The Rule of Faith and the Apostles’ Creed

While Gnostics such as Valentinus sought to deny the true humanity of Christ and Marcion sought to destroy the unity between the God of creation and the God of redemption, biblically sound Christian teachers found these synthesized assertions helpful in exposing the faulty steps of heresy. They focused on the unity of Scripture, the unity of God, the truth and necessity of the incarnation, the reality of Christ’s fully redemptive death and resurrection accomplished in his human nature in indivisible unity with his eternal sonship. The presence of the Holy Spirit, the unity of the church, the resurrection of the just and the unjust, and the reality of eternal states of each gave biblical symmetry to the whole of the truths confessed. 

This article is part 8 in a series by Tom Nettles on Remembering Jesus Christ. (Part 1, Part 2, Part 3, Part 4, Part 5, Part 6, Part 7).

Parts of this post were published on this site in 2016.

What we find on the pages of the New Testament concerning the true humanity of Christ and the concerns stated by the Apostles concerning those that deny it continued into the second and third centuries in a variety of forms of Gnosticism. Among other problems presented by Gnosticism, two embrace all the others. One, salvation comes through intuitive knowledge resident within certain spiritual persons. Two, the world of matter is intrinsically evil and was generated by an inferior deity. Implications include a denial of the final authority of the written word of the apostles and a denial of the full humanity of Christ, particularly the redemptive work accomplished in his flesh. In short, they denied all that Paul included in his admonition to “Remember Jesus Christ, risen from the dead, of a seed of David, according to my gospel” (2 Timothy 2:8).

In response to the insidious influence of this dualistic mysticism, the post-apostolic church developed the “rule of faith.” The various recensions of the rule of faith eventually were synthesized into a statement that most succinctly, clearly, and economically expressed universally received Christian truth known as the Apostle’s Creed. The finalized text of the Apostles’ Creed appeared in the work of Pirminius (d ca. 753) in A. D. 750. Pirminius used the succinct outline of biblical assertions to give instructions in Christian doctrine and morals to recently baptized Christians. Its twelve articles, according to pious legend, were given in order by the twelve apostles beginning with Peter and ending with Matthias. The creed is trinitarian. 

I believe in God, the Father Almighty, Creator of Heaven and earth, And in Jesus Christ, his only begotten Son, our Lord: Who was conceived by the Holy Ghost, born of the Virgin Mary, suffered under Pontius Pilate; was crucified, dead and buried:  He descended into hell: the third day he rose again from the dead: He ascended into heaven, and sits at the right hand of God the Father Almighty;  From thence he shall come to judge the living and the dead. I believe in the Holy Spirit, the holy catholic church, the communion of saints, the forgiveness of sins, the resurrection of the flesh, the life eternal. Amen.

One can see the immediate significance, in light of the claims of Gnosticism, of phrases such as “the forgiveness of sins, the resurrection of the flesh.” What claims our energy presently are those early numbered 3 through 8, beginning “And in Jesus Christ,” and ending with “judge the living and dead.” Its affirmative sentences give a simple reflection of the facts of redemptive history as presented in biblical revelation. One can see in the focus on Christ’s incarnation and redemptive labors in the human nature as of central concern. As we found it in its incipient stage in the New Testament, Gnosticism in its denial of the true humanity of Christ had come to full flower.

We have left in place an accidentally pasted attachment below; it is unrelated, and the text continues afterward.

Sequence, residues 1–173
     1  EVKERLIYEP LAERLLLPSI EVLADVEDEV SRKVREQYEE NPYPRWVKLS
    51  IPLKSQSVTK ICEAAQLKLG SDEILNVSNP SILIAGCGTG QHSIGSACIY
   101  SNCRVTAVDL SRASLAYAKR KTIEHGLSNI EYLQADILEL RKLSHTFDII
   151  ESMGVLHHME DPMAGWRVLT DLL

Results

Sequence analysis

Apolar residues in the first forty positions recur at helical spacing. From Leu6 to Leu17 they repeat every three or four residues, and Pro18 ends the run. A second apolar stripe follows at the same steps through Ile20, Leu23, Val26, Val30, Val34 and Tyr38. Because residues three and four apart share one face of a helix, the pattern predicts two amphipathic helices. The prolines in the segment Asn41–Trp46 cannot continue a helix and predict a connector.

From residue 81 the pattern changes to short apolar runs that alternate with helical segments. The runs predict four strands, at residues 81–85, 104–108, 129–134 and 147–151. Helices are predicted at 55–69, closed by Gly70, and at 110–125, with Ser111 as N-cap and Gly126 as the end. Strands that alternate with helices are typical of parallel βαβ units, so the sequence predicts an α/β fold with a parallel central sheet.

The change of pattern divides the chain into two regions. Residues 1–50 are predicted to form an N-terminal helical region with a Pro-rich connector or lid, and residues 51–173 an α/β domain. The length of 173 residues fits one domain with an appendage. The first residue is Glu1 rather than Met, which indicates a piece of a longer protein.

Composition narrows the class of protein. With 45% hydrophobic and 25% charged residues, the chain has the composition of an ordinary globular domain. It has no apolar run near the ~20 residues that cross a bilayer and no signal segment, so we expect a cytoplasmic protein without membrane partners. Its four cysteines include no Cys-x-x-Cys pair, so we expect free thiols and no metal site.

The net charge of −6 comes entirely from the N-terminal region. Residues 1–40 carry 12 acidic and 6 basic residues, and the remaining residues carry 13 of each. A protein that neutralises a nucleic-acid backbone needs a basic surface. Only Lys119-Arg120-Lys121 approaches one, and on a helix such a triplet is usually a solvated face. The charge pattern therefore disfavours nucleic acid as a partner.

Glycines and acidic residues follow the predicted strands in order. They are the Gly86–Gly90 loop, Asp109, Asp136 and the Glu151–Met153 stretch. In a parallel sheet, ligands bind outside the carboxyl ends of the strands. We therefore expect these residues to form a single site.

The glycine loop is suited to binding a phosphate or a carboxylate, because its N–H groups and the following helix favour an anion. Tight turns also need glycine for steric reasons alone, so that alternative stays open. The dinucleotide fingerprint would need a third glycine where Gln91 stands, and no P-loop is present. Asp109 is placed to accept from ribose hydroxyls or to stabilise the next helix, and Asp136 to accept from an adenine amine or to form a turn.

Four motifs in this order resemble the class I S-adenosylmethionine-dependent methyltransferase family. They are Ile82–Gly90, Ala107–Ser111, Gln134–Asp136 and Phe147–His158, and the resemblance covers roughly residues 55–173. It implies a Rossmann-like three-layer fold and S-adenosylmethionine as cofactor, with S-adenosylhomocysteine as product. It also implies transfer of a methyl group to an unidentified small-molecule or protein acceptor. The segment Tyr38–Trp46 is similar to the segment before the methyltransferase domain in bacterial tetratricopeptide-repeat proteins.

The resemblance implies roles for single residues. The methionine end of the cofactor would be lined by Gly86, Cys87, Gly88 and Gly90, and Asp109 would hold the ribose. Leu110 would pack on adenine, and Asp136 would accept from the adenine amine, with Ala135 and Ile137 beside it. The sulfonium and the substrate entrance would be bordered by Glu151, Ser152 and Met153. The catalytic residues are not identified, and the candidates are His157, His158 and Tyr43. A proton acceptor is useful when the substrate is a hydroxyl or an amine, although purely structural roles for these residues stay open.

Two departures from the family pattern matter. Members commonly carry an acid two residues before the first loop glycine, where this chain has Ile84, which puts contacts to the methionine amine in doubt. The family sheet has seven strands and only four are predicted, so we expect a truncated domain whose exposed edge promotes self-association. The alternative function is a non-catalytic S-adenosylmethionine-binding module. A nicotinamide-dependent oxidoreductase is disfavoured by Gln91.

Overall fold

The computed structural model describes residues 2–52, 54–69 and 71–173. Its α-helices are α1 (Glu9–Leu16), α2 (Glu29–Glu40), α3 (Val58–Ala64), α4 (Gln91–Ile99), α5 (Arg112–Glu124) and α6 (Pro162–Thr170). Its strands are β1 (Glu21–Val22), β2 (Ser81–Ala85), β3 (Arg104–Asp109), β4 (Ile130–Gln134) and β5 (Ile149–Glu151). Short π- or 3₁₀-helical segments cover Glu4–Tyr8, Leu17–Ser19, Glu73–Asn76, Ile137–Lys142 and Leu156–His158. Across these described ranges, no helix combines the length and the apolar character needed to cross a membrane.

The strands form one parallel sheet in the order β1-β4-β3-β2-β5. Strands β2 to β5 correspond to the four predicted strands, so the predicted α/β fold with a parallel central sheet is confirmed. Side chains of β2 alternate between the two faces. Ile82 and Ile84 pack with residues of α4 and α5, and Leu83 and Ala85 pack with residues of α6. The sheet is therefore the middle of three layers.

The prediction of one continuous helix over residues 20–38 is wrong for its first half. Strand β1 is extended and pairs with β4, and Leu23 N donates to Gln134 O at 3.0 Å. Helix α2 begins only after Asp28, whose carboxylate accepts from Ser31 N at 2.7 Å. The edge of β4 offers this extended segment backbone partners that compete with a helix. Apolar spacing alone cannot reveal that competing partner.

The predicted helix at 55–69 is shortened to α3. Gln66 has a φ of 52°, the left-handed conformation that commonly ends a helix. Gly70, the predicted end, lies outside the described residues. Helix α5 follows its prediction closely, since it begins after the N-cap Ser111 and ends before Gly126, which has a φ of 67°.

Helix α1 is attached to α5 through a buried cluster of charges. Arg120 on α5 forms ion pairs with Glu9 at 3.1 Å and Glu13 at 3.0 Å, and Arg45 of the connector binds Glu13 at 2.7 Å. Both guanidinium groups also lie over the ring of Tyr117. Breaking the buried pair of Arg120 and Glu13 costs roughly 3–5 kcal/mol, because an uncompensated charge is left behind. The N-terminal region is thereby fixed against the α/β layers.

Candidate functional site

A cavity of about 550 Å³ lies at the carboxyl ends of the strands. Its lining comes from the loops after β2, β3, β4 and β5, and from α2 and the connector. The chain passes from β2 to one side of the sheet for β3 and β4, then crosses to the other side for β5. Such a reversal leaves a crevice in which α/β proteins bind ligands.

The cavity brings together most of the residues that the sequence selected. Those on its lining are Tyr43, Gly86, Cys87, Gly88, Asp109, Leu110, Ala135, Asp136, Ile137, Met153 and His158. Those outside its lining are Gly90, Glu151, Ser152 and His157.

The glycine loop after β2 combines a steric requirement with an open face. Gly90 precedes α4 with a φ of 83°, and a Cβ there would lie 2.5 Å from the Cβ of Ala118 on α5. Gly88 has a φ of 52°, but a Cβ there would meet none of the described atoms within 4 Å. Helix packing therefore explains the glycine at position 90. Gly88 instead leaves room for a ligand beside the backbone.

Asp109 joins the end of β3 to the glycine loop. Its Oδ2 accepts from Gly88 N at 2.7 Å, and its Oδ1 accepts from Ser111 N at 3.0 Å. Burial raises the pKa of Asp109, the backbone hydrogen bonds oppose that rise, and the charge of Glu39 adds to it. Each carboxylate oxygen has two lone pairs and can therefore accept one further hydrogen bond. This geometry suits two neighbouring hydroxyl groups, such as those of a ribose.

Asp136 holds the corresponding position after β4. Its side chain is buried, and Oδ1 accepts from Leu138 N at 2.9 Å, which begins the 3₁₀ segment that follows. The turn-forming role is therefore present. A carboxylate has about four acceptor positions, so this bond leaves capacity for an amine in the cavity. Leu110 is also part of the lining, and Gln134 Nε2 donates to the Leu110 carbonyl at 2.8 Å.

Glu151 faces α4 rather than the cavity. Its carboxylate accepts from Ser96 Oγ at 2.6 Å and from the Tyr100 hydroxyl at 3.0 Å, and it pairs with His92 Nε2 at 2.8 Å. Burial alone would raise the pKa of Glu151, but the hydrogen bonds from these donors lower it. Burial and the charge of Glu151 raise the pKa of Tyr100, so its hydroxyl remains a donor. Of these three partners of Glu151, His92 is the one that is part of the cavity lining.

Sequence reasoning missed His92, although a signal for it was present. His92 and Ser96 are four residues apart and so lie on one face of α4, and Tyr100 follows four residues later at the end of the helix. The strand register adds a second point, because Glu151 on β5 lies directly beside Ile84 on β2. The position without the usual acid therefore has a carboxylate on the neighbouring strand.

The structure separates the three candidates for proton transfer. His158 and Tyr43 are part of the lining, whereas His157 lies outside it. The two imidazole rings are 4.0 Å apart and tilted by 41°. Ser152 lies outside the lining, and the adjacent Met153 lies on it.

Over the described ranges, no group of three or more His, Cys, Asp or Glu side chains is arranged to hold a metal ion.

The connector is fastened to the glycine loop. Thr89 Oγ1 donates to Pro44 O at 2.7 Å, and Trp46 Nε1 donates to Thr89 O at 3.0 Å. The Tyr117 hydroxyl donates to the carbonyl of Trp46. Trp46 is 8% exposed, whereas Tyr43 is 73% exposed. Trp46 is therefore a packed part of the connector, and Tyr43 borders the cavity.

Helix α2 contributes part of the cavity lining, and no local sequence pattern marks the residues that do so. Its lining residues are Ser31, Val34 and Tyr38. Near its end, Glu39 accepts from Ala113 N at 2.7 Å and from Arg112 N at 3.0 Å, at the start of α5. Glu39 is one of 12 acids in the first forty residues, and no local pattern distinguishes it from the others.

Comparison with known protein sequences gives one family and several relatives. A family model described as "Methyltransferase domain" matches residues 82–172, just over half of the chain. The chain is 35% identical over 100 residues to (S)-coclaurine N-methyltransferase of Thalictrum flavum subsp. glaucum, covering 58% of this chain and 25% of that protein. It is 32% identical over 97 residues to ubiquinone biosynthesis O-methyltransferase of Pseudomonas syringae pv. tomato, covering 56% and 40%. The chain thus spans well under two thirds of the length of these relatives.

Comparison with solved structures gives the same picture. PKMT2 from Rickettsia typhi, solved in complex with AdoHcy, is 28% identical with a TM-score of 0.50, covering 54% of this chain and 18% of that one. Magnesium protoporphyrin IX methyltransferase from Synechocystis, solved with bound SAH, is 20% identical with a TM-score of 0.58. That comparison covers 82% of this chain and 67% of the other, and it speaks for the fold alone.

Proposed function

Likewise, in the letters of Ignatius at the end of the first decade of the second century, we find a deep and clear commitment to Trinitarian doctrine, the real humanity as well as true divine sonship of Jesus Christ, the efficacy of his true bodily suffering and resurrection, the person of the Holy Spirit, and the necessity of unity of doctrine in the church. He warned the church at Trallia, to “partake only of Christian food, and keep away from every strange plant, which is heresy.” “There is only one physician,” Ignatius insisted, “who is both flesh and spirit, born and unborn, God in man, true life in death, both from Mary and from God, first subject to suffering and then beyond it, Jesus Christ our Lord.” [ Holmes, 88.]. Again, focused on the false teachers that presented Christ as a phantom-like creature, Ignatius proclaimed, “For our God, Jesus the Christ, was conceived by Mary according to God’s plan, both from the seed of David and of the Holy Spirit.” [Holmes, 92] In writing to the Trallians, Ignatius gives evidence of a confessional formula similar to this creed. His language shows that he understood the trickery of the verbal circumlocutions used by heretics in seeming to exalt Christ while in truth they denied both his true humanity and his eternal deity. Note how Ignatius seeks to cut through their façade. “Be deaf, therefore, whenever anyone speaks to you apart from Jesus Christ, who was of the family of David, who was the son of Mary, who really was born, who both ate and drank, who really was persecuted under Pontius Pilate, who really was crucified, and died while those in heaven and on earth and under the earth looked on; who, moreover, really was raised from the dead when his Father raised him up, who—his Father, that is, in the same way will likewise raise us up in Christ Jesus who believe in him, apart from whom we have no true life.” [Holmes, 100]. 

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